> Brent Allsop [firstname.lastname@example.org] wrote:
> >Could this really cause such a collapse?
> Yes. I don't know what the average salary is these days, but as I said
> before, *after* they've printed all that extra cash, assuming none of it
> goes offshore as most dollars have in the past, there will be about $800
> per person available. That's it. Either they can start printing even
> larger amounts of money and risk hyperinflation, or they have to stop
> people taking out large amounts of money.
> The biggest problem is that a lot of people who have a lot more than $800
> in their bank accounts are discovering this.
I saved a news posting a few months ago which has a rather detailed analysis of the money stock, cash reserves, cash in circulation, bank accounts, etc. I also found it on a web site but I can't find the URL now. The posting was based on information at http://www.bog.frb.fed.us/releases/ if you want to verify the details.
Cash reserves are about $160 billion. This the amount of cash held in bank vaults to "back up" the bank accounts. The Fed has indicated that they will try to print an extra $50 billion or so, bringing the total up to around $200 billion. I believe this is the source of the $800/person figure Mark quotes.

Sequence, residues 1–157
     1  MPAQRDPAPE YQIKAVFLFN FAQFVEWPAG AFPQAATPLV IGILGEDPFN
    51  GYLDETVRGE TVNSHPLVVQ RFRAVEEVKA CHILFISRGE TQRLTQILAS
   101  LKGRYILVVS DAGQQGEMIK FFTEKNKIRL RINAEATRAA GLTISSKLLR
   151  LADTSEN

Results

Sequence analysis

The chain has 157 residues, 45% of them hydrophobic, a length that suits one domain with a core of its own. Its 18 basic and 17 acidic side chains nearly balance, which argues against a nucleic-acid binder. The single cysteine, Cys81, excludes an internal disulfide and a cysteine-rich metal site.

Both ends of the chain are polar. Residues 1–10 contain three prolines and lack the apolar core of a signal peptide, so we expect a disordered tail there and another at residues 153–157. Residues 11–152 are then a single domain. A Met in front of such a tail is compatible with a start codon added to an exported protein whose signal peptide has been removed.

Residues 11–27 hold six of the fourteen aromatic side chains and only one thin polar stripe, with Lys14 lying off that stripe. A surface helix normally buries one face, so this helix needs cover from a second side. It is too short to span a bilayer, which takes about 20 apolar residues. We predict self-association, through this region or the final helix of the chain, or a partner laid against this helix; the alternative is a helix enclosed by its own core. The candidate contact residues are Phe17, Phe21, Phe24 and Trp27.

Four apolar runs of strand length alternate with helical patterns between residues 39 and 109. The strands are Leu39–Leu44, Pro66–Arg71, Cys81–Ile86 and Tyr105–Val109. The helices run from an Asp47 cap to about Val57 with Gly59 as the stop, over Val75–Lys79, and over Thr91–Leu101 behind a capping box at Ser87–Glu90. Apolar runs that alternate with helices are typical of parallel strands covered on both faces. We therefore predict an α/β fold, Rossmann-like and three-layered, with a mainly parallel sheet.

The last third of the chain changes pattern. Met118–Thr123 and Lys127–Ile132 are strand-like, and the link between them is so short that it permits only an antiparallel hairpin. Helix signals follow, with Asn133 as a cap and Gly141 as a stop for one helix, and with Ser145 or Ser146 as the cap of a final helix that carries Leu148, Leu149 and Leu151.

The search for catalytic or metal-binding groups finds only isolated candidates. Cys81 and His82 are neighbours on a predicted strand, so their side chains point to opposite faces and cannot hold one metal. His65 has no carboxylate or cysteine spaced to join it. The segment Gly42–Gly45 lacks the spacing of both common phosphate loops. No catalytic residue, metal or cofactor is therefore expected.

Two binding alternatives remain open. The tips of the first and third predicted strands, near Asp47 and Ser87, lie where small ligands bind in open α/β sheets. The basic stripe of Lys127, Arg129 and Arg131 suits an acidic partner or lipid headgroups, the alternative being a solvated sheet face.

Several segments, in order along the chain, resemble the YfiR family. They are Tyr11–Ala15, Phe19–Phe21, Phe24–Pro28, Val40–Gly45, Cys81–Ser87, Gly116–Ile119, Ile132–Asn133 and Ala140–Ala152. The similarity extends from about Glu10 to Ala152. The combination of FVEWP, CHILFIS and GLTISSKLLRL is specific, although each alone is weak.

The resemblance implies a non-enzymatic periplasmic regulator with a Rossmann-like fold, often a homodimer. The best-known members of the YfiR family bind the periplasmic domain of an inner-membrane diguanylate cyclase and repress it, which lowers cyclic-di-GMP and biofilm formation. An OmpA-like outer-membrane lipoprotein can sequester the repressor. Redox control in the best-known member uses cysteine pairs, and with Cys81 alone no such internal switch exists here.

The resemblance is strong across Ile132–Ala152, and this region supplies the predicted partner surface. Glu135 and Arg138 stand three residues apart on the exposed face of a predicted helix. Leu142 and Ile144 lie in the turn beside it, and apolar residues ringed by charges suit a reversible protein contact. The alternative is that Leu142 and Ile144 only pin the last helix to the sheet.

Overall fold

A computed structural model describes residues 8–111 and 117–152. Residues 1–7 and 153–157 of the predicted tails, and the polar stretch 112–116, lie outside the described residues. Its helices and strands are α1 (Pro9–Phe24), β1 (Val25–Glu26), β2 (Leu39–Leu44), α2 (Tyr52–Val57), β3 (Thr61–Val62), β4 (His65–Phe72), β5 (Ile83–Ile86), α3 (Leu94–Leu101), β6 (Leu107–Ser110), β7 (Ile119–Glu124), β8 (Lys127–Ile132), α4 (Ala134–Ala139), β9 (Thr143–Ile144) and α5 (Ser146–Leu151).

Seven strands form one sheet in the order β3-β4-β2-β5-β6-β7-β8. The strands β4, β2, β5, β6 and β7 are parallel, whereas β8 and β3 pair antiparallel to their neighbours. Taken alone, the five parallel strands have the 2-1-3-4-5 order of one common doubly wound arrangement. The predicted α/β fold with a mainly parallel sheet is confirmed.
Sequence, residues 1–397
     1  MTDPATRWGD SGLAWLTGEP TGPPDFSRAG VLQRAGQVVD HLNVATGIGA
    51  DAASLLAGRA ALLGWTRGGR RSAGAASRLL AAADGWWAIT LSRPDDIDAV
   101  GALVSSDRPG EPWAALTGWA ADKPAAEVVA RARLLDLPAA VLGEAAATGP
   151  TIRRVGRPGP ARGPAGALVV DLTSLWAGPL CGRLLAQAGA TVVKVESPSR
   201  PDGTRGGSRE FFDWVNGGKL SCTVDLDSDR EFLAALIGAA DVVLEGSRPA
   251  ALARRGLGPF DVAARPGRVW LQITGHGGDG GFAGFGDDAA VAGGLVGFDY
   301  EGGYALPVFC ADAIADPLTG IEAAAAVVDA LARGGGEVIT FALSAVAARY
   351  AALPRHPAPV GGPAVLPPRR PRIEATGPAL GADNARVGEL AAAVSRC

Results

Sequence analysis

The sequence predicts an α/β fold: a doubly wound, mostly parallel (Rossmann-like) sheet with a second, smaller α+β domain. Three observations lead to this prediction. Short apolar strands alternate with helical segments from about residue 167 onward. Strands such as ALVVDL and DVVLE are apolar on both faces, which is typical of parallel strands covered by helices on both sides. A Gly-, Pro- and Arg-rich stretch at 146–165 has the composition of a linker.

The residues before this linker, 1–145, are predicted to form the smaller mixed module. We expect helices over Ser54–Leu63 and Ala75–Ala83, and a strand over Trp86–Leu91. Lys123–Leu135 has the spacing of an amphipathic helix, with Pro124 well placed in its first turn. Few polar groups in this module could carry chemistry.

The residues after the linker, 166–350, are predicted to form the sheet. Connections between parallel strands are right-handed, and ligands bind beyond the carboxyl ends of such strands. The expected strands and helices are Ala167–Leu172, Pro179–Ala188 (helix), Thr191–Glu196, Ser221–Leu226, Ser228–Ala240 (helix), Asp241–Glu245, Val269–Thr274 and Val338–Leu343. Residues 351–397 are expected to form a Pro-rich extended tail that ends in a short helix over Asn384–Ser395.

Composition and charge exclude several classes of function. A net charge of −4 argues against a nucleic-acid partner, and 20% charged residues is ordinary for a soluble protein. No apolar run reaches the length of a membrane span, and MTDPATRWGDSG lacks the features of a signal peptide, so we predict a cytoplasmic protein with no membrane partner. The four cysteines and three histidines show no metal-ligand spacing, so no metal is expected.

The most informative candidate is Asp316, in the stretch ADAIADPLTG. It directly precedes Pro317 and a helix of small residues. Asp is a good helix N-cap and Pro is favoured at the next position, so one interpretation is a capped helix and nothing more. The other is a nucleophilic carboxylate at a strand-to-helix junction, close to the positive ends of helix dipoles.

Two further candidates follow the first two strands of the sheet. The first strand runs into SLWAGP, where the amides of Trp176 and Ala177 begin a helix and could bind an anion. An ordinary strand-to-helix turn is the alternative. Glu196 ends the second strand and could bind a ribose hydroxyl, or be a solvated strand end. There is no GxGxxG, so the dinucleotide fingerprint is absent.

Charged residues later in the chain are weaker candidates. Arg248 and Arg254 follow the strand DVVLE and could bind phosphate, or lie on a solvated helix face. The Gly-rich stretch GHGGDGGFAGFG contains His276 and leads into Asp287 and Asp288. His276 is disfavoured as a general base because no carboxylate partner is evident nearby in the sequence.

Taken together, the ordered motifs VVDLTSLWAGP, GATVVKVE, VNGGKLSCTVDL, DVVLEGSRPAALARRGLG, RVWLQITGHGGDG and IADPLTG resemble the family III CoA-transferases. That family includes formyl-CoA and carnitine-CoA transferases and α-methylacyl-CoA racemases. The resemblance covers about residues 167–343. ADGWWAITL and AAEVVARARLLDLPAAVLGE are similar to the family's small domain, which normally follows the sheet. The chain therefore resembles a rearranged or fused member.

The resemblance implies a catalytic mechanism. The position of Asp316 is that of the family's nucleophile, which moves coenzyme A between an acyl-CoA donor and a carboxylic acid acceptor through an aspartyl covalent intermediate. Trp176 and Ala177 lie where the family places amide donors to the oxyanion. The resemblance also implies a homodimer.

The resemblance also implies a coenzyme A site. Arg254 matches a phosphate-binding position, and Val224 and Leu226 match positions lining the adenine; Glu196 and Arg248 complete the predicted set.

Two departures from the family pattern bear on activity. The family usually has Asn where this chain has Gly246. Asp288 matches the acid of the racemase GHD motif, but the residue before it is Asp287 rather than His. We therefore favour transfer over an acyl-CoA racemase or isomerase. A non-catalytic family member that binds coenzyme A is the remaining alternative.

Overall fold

However, this is not the total cash in existence. The total cash stock is about $613 billion, or about $2300 per person. (Some considerable part of this is overseas, however, and the analysis doesn't try to account for that.) About $450 billion ($1600 per person) circulates as cash with $160 billion in bank vaults.
The $160 billion (or perhaps $200 billion next year) serves as a reserve against bank deposits. The total value of those deposits depends on what you count, but basically checking+savings accounts add to a bit over $2000 billion, or about $8000 per person. (Adding time deposits, CDs, and other long-term instruments increases this amount considerably.)
So, per person, there is about $8000 in U.S. demand-deposit bank accounts, $1600 in circulating cash (part of it overseas), and $600-$800 in cash sitting in bank vaults to back up the $8000 in bank accounts.
Of course, all this money is not uniformly distributed. Some part of it is in business accounts, and some for personal use. Rich people have a larger share of the wealth than poor people. I'm not sure of the disproportionality, but typically we will see that 20% of the people control 80% of the wealth, or perhaps it is concentrated as much as 10% controlling 90%.
It is not very informative to know that the average person plans to withdraw X % of his savings. Average income earners, on aggregate, control only a small percentage of the wealth. The average family of four probably doesn't have much more than the $3200 that the bank reserves would cover even if they withdrew everything.
The real question is what the rich will do. If they're going into the banks and withdrawing $20000, $50000, $100000 in cash, lugging it in wheelbarrows and suitcases back to their mansions, then the system will get into trouble very quickly. Likewise if the Fortune 500 decide they need to keep a few million in cash on hand to stuff into envelopes to make payroll.
We don't know what will happen, and whether people will panic going into late 1999. Personally, I have hope that the rich will resist switching to a pure-cash mode, in which case the banking system should be able to tolerate the strains on it. But worse scenarios are certainly possible.